Longer hospital and ICU stay, longer time on MV, exposure to antimicrobial agents, colonization pressure, invasive procedures, underlying severity of illness, and reintubation, all are recognized factors for increasing the risk of MDR A. baumannii infection.[25]

There have been reports of prevalence of MBLs in P. aeruginosa and Acinetobacter species in intensive care areas in a tertiary-care hospital from India.[26]

Emergence of carbapenem-resistant A. baumannii and Pseudomonas in ICUs led to modification in empirical therapy of VAP to incorporate the polymyxin and colistin. However, there is concern that like emergence of resistance to carbapenems, colistin resistance will also emerge due to clonal selection and will leave us with effectively untreatable diseases A. baumannii infections.[27]

The present study shows the appearance of MDR organisms in the hospital settings and is called as post-antibiotic era. In such patients, treatment options are already severely limited and the disease process can be fatal.

From time to time, the guidelines for prevention of VAP are issued by CDC (Centre for Disease control and Prevention).[28] Just like other infectious diseases, in the case of VAP too, prevention is the best cure, and the key is in hands of healthcare personnel, especially the nursing staff taking care of patients. An initiative was taken by Institute for Healthcare Improvement in 2005 and the “VAP bundle” was introduced as part of the “100,000 Lives Campaign” to take care of ventilated patients, another parameter of daily oral care with chlorhexidine was added in 2010.[29],[30] It has been observed that evidence-based medicine strongly favors these interventions and if implemented together can significantly improve the outcome in the ventilated patients.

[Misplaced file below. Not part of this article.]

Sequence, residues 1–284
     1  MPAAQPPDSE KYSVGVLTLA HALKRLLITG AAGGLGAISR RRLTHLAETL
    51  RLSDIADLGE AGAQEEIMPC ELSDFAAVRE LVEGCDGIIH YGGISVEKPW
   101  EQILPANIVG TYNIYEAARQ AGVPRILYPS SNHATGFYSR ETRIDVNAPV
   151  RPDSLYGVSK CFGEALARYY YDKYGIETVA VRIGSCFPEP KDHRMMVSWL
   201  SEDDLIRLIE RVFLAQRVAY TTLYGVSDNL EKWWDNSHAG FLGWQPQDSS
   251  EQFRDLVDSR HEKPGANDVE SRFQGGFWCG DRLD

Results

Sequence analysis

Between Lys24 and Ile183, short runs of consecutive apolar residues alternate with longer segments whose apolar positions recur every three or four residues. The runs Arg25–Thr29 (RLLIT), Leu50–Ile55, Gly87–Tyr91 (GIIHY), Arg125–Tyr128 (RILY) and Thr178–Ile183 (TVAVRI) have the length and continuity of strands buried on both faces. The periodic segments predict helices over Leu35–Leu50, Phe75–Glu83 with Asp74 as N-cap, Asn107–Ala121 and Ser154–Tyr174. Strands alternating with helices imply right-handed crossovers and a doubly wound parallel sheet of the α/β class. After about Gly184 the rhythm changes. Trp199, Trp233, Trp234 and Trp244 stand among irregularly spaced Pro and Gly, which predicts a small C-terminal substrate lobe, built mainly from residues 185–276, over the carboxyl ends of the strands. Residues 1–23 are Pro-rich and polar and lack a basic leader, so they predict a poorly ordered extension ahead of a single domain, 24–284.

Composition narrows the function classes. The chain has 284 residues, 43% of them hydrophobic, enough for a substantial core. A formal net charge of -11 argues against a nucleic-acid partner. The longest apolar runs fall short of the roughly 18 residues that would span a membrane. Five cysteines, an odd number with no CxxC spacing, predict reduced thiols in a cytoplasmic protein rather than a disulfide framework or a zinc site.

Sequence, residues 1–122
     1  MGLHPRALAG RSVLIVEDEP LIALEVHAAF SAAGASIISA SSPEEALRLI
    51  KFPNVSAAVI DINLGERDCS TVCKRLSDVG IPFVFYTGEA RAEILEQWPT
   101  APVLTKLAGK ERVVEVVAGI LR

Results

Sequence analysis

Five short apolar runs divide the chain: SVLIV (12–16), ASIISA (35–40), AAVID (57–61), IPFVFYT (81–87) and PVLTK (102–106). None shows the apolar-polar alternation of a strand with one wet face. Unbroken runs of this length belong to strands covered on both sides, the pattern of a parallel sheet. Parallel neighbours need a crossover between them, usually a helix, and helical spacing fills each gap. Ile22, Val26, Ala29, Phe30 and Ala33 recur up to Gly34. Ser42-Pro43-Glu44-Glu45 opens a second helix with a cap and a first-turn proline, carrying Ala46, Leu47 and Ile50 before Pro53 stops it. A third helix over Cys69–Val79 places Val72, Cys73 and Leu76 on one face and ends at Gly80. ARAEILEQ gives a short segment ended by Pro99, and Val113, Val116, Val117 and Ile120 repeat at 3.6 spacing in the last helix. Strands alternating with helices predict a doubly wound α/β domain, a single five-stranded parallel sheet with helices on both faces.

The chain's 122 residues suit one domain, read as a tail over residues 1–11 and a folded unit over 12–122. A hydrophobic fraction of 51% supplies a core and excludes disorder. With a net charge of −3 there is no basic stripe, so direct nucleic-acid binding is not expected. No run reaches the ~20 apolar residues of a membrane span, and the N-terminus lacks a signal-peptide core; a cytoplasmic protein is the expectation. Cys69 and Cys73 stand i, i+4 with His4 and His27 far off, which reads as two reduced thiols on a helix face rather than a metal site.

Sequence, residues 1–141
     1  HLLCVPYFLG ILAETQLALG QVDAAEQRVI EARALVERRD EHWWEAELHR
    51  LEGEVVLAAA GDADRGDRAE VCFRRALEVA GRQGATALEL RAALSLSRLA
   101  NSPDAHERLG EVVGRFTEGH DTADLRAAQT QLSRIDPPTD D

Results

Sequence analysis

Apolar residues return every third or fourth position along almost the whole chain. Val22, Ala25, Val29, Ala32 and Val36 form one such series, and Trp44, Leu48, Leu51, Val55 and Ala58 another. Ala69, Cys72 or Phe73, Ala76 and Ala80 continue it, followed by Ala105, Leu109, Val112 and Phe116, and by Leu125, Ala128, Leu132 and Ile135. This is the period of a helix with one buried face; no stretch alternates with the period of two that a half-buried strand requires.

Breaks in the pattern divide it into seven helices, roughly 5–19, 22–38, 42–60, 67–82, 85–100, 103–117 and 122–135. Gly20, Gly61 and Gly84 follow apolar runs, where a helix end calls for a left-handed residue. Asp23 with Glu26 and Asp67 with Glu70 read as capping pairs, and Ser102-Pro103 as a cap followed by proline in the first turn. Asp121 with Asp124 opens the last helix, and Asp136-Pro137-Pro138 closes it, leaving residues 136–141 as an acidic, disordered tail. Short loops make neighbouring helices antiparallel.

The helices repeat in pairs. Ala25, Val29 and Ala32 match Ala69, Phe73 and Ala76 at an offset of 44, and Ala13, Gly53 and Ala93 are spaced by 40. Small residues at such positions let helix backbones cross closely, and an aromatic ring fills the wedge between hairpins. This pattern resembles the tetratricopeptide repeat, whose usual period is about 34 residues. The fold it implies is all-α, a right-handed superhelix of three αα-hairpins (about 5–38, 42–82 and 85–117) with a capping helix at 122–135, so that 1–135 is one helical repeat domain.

We conclude that determination of the organism profile and their antibiotic sensitivity can go a long way in prescribing appropriate regimen which could be life saving. Another important aspect in VAP group of patients is that if the antibiotic therapy is delayed, there could be excessive mortality. Early report regarding antibiotic susceptibility patterns could be significant in deciding the antibiotic regimens. In this regard, we suggest the use of E-test strips which can tell not just about drug resistance patterns but also about respective MIC values which can be difficult and time consuming if determined by conventional method of broth microdilution. Molecular testing further can be rapid and can detect low quantity of target sequences of drug-resistant genes independent of the viability of target organisms.[31] They can also be multiplexed to detect multiple resistance mechanisms simultaneously, so that the requisite and effective treatment can be initiated at the earliest in a life-threatening condition such as VAP.

Financial support and sponsorship

This work has been funded by ICMR as an extramural research project.

Conflicts of interest

There are no conflicts of interest.